November 23, 2016


The Lone Star State must be open to business for all

Caroline Joiner
Texas Tribune

Technology is an engine for economic growth, and talent is its fuel. Much like oil, capital or prime real estate, talent is a limited resource for which companies compete.

However, with a shortage of science, technology, engineering, and math graduates and a recovering economy, the tech community in Texas is locked in a war for talent — competing against other states for the country's best and brightest. In Austin alone, the local education pipeline is sufficient to fill only 23 percent of the area's demand for tech talent, so tech businesses that operate in Texas have to be net talent importers.

In light of this talent shortage, Texas must do all it can to ensure that it remains open to business for all, including members of the LGBT community. It's clear that talented workers of all ages value inclusion of their LGBT peers in the workplace. It's becoming clear, too, that the workplace is no longer the only litmus test when it comes to job selection. The talented 21st-century worker is looking for not just a workplace but also a city and a state that are free from discriminatory practices and rhetoric.

Our state should not go down the path that other states have, which has branded them as discriminatory and harmed their economy.

  • In North Carolina, for instance, HB2 continues to wreak havoc on the state economy. Current estimates place the damage at $395 million and growing. In September, 53 investors with $2.1 billion of assets under management stated that HB2 is "mak(ing) hiring top talent difficult." More than 80 tech companies agree, saying that "HB2 will make it far more challenging for businesses across the state to recruit and retain the nation's best and brightest workers." And a growing list of North Carolina startups and small businesses are stating that "divisive, regressive legislation like HB2" goes against the inclusion that talent recruitment demands.
  • The damage is not limited to North Carolina. In 2015, when Indiana passed a controversial law to legalize discrimination against LGBT individuals, the state suffered 1 billion negative social media impressions in just 30 days. With a workforce that values inclusion, that kind of publicity is bad news for talent recruitment. In protest of the law, an executive at Cummins, a Fortune 500 company based in Indiana, noted, "In order to get and retain the best talent, we need an open and inclusive environment."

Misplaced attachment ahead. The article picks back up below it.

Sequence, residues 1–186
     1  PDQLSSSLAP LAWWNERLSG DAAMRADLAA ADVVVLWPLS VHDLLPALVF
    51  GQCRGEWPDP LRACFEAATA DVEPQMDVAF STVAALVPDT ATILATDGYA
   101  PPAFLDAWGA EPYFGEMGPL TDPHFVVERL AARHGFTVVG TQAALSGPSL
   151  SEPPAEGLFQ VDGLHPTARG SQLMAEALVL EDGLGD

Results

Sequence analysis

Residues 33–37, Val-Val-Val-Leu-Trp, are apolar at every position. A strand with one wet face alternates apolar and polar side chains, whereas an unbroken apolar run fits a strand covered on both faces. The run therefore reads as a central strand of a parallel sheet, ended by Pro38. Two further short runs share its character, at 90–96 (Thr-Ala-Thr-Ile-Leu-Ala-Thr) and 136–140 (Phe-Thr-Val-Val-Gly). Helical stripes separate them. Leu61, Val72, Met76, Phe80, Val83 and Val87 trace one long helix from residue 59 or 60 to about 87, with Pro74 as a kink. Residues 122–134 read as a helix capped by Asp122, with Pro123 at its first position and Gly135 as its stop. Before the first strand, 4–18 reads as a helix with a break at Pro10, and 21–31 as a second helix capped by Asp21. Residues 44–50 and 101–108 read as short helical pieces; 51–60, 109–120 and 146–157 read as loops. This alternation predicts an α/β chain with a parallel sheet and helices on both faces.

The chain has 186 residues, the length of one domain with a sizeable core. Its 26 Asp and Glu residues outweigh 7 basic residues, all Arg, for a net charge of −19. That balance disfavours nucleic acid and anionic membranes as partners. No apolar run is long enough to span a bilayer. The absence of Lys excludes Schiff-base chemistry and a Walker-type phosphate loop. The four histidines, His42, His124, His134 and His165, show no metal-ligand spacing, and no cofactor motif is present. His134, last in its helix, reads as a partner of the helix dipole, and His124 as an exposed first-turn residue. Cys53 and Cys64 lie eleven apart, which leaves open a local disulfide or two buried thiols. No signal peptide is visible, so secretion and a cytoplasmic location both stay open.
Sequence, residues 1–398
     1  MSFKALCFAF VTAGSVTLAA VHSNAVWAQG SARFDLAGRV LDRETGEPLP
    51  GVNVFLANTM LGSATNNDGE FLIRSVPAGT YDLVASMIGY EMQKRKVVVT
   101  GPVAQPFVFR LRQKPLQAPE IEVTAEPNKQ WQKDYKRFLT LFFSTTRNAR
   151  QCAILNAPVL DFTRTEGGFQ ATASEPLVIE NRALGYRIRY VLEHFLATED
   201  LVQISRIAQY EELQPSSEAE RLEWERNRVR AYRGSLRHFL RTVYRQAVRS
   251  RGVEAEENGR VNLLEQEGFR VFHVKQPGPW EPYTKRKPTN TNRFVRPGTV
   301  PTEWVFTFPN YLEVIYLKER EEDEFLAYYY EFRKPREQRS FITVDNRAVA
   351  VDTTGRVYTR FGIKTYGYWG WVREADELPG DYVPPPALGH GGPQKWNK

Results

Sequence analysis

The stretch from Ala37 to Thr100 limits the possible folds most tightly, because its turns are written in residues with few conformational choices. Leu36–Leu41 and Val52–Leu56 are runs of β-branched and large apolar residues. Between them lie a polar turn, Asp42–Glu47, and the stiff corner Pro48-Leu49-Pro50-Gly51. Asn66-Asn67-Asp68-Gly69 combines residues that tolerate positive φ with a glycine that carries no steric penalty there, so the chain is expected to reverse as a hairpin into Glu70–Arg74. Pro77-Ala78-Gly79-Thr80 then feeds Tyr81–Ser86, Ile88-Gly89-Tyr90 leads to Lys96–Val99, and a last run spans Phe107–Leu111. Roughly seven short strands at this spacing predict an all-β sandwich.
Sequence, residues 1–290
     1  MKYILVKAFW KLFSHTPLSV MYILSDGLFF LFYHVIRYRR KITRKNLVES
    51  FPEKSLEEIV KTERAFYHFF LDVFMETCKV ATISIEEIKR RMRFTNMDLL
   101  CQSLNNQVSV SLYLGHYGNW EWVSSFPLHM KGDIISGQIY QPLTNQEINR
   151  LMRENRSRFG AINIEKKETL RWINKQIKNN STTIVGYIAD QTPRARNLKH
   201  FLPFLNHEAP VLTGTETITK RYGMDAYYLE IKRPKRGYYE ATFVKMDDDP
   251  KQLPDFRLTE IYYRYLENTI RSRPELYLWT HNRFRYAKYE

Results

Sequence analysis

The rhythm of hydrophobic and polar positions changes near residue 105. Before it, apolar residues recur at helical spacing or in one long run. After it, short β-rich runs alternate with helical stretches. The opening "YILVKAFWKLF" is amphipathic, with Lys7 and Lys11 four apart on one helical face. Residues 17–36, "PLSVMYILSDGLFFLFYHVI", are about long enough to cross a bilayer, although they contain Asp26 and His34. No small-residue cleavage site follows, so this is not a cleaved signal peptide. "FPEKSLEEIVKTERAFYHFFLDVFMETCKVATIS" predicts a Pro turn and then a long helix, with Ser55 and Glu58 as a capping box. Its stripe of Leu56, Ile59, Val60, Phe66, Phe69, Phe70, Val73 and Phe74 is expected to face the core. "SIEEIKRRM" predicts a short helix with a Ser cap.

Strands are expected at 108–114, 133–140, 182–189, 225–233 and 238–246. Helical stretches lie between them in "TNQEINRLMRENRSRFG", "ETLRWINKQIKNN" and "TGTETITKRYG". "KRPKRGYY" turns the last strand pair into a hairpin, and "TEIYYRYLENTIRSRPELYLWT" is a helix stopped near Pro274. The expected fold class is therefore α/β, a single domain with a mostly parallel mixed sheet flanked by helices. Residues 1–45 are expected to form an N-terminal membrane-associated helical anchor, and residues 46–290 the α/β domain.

Here in Texas, we are faring very well on talent, and we'd like to keep it that way. In a recent study, an economic modeling firm placed three Texas counties — Travis, Harris and Collin — in its top 10 "talent attraction" scorers among large counties, and three more — Dimmit, LaSalle, and Karnes — in its top 10 list for small counties. Our quality of life, cost of living, vibrant cities and Texas values attract some of best and brightest to put down roots in the Lone Star State.

But it's not all sunshine. In 2016, Texas missed out on the top spot in CNBC's "Top States for Business" award for the fourth year in a row. The business network noted that Texas fell short in its Quality of Life category, pointing out that "at a time when businesses are calling on states to remove any barriers that limit the attraction of skilled workers, Texas' [lack of non-discrimination] policies cost the state points."

Here in Texas, we are hearing the same anti-LGBT rhetoric that has translated into economic and talent losses in Indiana, North Carolina and elsewhere. Some Texas leaders call anti-LGBT policies "top priorities."

We in the technology community are tracking this rhetoric with increasing alarm. We invest heavily in culture, in training, in diverse workforces, and in top-notch facilities, all to ensure that we can remain competitive in the war for top talent. Our people are our businesses — they fuel the innovation, the creativity and the daily work that in turn fuels our success. We value every single one of them, and we're proud of the inclusive cultures we're building.

We cannot afford to lose any competitive advantage if our state begins to make national headlines as the latest place to reject inclusion and diversity. We need not just workplaces — but also communities and, indeed, a state — that talented workers want to call home.

Texas has established itself as one of the nation's premiere tech hubs, but we are at risk of cutting off our talent pipeline if we do not send a message that the Lone Star State embraces inclusion and diversity.

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